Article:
Sarah Jessica Parker, in garish make-up and a tutu, wanders around on the sidewalk, looking very much like a bag lady searching for her lost shopping cart. End credits.
The series begins with a long anecdote told by Carrie in voice-over. Seems a blonde "English journalist" woman came to New York. We see the lady in a cab filled with Louis Vuitton luggage. Carrie says the lady, called Elizabeth, hooked up with one of New York's "typically eligible bachelors." We see the chubby guy who plays Mike McQueen on Popular walking around his corner office with a view, blathering about investments into a phone headset. Carrie lets us know that he makes about "two million a year." We see Elizabeth and Mike meeting each other at a gallery opening, where Mike, a la Rico Suave, tells Liz that "London is my all-time favorite city." Then we have a montage of Liz and Mike golfing and playing footsie while having dinner and having sex in silhouette. Then Mike takes Liz to check out a "townhouse for sale," where he hints to her that they might be having children to fill up some of the home's bedrooms, and asks her to have dinner with his folks later that week. Mike then calls Liz to postpone dinner since his mother is sick. Cut to two weeks later, where Liz harshes to Mike on the phone for not calling her anymore. Then we see Liz talking to a smoking brunette woman in a coffee shop. Liz's sleek blonde chignon has unraveled, she looks about ten years older, and her English accent is in shambles. Carrie voice-overs that Liz has found out about "the end of love in New York." What, Liz couldn't have gotten played like that in London? Whatever!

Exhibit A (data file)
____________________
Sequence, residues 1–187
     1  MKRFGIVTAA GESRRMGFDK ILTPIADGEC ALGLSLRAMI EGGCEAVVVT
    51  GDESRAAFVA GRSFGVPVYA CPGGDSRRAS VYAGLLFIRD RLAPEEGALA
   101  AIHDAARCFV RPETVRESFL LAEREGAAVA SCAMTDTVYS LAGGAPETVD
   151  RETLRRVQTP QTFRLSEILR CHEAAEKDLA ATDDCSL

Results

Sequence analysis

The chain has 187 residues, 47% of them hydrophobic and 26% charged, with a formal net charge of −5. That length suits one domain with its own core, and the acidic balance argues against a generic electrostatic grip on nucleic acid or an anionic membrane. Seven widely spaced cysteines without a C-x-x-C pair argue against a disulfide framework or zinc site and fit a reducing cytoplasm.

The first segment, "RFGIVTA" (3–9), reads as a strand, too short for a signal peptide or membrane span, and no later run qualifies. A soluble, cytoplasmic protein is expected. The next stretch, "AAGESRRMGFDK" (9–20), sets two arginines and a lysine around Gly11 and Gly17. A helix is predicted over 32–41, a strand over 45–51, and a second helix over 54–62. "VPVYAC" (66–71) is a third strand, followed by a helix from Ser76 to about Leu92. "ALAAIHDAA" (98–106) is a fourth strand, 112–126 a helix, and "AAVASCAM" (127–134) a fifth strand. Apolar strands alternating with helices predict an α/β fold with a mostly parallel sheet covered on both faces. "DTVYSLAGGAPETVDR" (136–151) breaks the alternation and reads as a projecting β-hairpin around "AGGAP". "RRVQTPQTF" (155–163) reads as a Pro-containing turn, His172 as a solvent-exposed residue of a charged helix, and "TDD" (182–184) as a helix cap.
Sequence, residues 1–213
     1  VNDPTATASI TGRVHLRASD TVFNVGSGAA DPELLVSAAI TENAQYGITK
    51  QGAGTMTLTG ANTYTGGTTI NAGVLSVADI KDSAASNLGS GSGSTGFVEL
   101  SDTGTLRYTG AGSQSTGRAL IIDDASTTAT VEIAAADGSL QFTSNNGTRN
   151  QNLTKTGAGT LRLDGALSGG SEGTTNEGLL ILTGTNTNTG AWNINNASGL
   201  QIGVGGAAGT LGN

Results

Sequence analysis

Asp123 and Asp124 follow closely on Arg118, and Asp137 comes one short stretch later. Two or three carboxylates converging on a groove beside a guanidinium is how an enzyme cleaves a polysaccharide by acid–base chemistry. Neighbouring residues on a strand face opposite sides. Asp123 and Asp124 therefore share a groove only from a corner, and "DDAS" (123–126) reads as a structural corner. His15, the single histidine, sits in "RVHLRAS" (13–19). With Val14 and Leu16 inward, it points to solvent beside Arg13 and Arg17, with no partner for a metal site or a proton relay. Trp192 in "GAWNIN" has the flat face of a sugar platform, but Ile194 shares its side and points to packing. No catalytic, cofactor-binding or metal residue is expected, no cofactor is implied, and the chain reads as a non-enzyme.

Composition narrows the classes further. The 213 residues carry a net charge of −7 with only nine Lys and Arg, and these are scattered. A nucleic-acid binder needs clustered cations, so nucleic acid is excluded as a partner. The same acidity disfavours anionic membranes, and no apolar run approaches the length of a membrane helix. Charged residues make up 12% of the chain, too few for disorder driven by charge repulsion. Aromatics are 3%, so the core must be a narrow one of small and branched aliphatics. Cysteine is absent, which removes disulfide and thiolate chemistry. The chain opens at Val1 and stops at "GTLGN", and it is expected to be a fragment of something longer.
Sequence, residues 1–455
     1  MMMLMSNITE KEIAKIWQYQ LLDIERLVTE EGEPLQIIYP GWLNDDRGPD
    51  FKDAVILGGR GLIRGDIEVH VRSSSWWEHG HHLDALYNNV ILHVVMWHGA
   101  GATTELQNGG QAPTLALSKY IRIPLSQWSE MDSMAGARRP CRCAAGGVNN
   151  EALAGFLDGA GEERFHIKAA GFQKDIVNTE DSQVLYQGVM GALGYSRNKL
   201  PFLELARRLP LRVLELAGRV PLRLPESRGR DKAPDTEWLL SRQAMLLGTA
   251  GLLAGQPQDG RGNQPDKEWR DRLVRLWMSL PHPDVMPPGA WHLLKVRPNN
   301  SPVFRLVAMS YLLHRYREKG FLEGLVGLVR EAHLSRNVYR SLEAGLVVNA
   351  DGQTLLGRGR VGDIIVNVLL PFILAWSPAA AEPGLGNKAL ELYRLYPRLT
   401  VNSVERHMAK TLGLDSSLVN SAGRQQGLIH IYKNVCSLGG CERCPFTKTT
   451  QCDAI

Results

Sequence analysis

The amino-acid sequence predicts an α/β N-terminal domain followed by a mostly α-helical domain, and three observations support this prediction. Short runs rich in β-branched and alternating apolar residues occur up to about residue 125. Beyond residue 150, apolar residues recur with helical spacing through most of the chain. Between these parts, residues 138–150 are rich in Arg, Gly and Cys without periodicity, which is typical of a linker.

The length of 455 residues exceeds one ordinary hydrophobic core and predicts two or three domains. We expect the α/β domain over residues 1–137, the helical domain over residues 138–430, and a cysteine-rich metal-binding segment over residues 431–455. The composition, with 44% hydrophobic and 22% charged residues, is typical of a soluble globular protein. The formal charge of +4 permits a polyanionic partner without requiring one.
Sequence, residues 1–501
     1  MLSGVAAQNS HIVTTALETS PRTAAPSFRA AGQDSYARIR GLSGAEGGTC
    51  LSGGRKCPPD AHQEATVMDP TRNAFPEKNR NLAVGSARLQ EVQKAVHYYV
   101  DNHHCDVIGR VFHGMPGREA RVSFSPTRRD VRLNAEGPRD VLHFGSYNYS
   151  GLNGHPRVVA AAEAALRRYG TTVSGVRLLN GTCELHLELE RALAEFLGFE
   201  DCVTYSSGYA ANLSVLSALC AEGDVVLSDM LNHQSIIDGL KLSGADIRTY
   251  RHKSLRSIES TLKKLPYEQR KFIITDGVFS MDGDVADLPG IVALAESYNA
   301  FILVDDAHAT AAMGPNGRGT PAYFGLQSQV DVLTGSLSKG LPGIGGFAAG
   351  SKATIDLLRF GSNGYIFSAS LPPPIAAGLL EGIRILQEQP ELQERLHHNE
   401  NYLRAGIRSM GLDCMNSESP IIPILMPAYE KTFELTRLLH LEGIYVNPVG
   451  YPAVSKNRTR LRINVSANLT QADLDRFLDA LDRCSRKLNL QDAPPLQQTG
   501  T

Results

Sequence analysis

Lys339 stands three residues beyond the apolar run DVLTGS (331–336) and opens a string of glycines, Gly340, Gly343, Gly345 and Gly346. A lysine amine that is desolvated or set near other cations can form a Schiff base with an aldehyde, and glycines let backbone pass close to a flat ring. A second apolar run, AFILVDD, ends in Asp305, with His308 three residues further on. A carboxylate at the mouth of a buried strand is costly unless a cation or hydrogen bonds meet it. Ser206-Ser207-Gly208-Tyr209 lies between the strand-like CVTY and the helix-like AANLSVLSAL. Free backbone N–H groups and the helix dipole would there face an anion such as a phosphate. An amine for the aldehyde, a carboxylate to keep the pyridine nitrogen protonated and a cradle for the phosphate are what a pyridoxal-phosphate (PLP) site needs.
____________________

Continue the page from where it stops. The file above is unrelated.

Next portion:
Cut to Carrie's apartment. Turns out she was the brunette. She's chain-smoking in front of her laptop, elaborating on "The Age of Un-Innocence" in New York. She tries to make some witty plays on the titles "Breakfast at Tiffany's" and "An Affair to Remember," but I'll spare y'all from the lameness. As a cynical saxophone bleats on the soundtrack, Carrie warns us, "Self-protection and 'closing the deal' are paramount. Cupid has flown the co-op." From this scene, its established that Carrie a) smokes more packs a day than Patrick Swayze, b) lives in a cramped, trendily-decorated studio-type flat, and c) is a terrible, untalented, cringe-inducing writer.
Then we see yuppie New York women walking toward the camera on a crowded Manhattan sidewalk. Carrie worries in voice-over about their dating hardships, which she finds unjust because these women are "great." Um, why are they great, Carrie? "They travel, they pay taxes, they'll spend $400 on a pair of Manolo Blahnik strappy sandals." Oh. Then Carrie whines that although these great women have so much disposable income, they are "alone." Owen wipes away a solitary, invisible tear.
Cut to Carrie in a gray trenchcoat. Her hair is cropped to her shoulders, in mousy-brown frizzy curls and parted in the middle. She grabs a New York Post-looking rag out of a sidewalk box and continues wailing, "Why are there so many great unmarried women and no great unmarried men?" She turns the newspaper pages to her column, "Sex in the City," in which she "explores these issues" by using "great sources -- [her] friends."